I have a new fear I never had before. I am genuinely fearful about the personal impact of national politics on my life and the lives of my fellow citizens. If this wall impasse is not racially motivated why haven’t we even discussed a northern wall between us and Canada. I am glad to be some distance from the deep, murderous racism of the mainland, but I’m still on Earth, and therefore, vulnerable.


Published by X-Streetwalker Turned Sex Talker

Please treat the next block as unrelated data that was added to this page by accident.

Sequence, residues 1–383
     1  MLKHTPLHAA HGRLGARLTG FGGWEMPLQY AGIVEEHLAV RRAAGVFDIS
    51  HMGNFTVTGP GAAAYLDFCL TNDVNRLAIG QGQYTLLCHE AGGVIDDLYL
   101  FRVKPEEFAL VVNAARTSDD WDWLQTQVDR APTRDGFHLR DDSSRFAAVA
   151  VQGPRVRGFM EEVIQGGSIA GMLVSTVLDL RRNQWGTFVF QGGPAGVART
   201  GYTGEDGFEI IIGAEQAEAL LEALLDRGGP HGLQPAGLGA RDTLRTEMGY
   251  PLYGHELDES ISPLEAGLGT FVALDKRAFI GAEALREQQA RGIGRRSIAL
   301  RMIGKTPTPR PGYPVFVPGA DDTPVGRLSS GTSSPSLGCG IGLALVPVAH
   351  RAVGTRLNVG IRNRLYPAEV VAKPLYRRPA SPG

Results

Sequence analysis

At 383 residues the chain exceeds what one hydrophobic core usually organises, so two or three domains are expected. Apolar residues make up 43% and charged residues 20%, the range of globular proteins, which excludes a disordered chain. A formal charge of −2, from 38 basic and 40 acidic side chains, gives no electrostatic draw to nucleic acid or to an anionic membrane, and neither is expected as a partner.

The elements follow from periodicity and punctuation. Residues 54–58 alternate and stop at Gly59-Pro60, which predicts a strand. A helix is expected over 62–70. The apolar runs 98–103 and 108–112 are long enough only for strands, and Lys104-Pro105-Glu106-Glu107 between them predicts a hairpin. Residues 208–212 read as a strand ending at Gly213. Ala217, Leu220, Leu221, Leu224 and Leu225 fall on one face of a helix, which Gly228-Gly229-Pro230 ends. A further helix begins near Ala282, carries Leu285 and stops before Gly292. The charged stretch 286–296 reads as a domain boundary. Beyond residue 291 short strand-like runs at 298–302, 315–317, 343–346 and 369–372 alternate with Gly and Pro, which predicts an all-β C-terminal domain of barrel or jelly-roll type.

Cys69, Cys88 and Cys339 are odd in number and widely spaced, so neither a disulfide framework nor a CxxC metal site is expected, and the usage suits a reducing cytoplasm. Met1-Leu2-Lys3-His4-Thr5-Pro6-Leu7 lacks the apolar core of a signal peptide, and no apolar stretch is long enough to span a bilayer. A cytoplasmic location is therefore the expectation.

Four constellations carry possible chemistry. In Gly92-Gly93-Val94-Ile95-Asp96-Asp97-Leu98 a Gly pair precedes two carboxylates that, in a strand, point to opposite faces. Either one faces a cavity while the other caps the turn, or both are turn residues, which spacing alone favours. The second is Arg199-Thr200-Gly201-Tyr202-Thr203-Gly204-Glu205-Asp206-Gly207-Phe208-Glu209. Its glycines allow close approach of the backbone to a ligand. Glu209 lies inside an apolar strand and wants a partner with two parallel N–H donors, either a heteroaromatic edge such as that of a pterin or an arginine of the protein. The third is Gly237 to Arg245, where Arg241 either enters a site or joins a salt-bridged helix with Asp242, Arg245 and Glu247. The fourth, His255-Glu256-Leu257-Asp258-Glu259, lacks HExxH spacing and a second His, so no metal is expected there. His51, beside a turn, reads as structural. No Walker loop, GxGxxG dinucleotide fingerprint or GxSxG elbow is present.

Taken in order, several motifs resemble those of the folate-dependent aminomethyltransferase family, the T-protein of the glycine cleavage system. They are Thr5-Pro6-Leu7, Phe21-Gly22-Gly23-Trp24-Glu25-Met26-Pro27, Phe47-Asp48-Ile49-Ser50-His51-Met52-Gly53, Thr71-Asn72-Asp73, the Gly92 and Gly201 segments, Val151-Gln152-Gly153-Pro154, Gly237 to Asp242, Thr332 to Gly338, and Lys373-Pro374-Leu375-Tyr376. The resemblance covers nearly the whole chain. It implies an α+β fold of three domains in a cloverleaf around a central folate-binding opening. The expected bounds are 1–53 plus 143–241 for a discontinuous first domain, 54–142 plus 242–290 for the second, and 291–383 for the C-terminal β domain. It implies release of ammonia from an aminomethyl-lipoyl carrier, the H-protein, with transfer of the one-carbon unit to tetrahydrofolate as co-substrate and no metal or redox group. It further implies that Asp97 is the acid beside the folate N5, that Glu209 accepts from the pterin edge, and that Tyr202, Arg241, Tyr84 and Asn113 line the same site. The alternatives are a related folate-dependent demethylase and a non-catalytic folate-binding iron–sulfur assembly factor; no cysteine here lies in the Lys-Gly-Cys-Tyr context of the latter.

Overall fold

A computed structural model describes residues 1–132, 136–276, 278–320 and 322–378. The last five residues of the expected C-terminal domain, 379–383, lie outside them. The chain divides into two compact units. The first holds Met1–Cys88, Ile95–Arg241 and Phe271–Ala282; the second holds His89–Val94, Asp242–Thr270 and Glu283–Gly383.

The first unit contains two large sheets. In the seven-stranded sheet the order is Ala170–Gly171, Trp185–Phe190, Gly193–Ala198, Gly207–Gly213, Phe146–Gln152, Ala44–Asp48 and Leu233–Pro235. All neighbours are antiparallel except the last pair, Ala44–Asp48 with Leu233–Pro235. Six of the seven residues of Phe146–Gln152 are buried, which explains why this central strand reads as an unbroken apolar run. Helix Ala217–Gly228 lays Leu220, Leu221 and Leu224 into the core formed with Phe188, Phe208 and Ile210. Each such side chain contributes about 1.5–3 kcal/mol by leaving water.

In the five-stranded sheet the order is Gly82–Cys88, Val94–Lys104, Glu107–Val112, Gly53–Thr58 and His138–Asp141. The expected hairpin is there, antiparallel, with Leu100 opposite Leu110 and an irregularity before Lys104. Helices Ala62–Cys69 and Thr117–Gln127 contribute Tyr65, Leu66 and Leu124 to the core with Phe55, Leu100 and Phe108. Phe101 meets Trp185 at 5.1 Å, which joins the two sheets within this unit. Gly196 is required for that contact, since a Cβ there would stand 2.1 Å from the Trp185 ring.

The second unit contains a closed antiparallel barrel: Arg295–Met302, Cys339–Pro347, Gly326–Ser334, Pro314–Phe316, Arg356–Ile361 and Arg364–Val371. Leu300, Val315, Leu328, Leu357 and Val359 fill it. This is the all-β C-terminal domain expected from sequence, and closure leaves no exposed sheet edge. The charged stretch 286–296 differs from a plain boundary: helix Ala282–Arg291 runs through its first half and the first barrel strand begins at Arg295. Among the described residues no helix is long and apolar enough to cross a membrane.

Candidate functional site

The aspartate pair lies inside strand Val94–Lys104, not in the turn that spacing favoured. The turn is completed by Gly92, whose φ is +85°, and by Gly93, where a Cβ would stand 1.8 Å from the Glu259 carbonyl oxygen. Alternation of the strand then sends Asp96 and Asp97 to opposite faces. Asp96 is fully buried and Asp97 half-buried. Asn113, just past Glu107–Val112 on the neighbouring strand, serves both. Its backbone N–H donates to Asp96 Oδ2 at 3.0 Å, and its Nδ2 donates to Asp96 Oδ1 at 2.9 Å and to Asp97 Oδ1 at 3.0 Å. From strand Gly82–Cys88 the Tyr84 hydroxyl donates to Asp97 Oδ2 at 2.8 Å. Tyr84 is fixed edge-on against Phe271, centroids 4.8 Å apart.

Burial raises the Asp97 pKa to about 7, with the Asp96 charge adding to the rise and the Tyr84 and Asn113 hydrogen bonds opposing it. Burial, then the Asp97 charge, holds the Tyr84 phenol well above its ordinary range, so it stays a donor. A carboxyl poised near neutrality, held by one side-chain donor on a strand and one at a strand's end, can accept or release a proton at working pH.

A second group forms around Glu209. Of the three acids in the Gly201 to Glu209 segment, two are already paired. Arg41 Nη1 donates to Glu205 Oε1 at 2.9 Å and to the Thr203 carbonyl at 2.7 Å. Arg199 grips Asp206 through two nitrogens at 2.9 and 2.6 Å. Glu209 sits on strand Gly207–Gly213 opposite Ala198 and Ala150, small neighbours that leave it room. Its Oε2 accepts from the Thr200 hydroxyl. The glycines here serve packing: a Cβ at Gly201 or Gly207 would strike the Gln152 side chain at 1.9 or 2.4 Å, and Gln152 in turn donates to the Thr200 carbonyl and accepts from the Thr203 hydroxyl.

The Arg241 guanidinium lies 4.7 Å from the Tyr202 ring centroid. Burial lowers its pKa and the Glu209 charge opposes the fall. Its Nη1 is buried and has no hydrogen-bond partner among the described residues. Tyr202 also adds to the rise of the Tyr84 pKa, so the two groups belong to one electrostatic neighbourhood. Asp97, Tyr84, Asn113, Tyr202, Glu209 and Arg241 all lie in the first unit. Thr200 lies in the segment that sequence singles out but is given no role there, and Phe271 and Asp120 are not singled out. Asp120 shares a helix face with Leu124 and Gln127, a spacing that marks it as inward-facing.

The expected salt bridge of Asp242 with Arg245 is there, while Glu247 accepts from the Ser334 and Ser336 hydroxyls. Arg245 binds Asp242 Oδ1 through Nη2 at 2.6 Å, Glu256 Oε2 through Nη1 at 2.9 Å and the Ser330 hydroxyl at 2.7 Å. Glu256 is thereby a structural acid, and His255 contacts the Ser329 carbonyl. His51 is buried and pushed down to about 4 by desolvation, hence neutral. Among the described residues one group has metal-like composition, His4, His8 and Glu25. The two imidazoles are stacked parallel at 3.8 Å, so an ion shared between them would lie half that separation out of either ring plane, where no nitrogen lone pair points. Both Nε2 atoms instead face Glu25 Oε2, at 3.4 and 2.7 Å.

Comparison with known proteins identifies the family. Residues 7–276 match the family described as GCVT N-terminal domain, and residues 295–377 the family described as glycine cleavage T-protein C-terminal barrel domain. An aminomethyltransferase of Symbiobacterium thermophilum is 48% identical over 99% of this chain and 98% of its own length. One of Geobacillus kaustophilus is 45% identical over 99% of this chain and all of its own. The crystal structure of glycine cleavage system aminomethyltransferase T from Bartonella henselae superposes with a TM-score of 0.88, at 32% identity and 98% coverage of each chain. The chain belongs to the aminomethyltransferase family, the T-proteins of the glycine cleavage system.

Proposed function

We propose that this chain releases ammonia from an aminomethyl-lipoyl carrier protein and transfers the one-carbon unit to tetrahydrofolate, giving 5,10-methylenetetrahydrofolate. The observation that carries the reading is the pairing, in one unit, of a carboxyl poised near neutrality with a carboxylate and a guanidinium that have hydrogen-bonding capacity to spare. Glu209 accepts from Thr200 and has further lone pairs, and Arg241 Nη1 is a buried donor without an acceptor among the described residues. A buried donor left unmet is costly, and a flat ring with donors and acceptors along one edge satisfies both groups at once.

Caroleena used to be a drug addicted hooker on streets of downtown Honolulu in the early years of the 21st century. She was not the only learned streetwalker among the sex worker addicts. This group would have been a liberal college admissions officer's dream of diversity seeing as how they represented such a wide range of ages, races, family types, locations of origin, education levels, and gender identities. The two constants were trauma and dependency. Everyone out there had experienced life altering trauma which spurred them to seek refuge in drugs. Addiction was the unexpected phenomenon that kept them stuck in the dope. This downtown area was different from other drug saturated areas of America in one important way. The U.S. is the most violent country in the world, but in this corner of the nation there were no street gangs, no gun violence. You wouldn't get shot but you were probably going to be beaten up and robbed at some point. Interpersonal violence between intimate partners, friends, and family members was viewed as a natural part of being close to people. "Domestics" was something an individual brought upon herself or himself by causing problems in an interpersonal relationship. Caroleena, the perennial pariah even among society's rejects, had no intimate associates who might harm her. Prostitution was not as risky on Oahu as it was most everywhere else because the island was just too small. Everyone was somehow connected to everyone else with only something like two degrees of separation. You commit a crime, someone will know who you are and someone else will know how to find you. Hookers rarely got killed. Honolulu's relative safety allowed Caroleena over 10 years of street longevity until the scene ended when authorities started arresting men for allegedly soliciting undercover police for sex and posting their pictures on the evening news. tells Caroleena's adventures during her decade of addiction and its consequences--homelessness, prostitution, drug dealing, incarceration, family destruction, the list goes on. Every story relates events Caroleena experienced, witnessed, or imagined. The tale of this outcast is skillfully and paradoxically told in the language of the elite. The wording of the posts is itself a testimony to the wide grip that addiction has on all levels of society, even impacting the privileged who were previously thought to be immune to the troubles of the lower class. During these days of opiate addiction maybe she can answer some questions and present applicable solutions. If not, you are still in for a hell of a good read.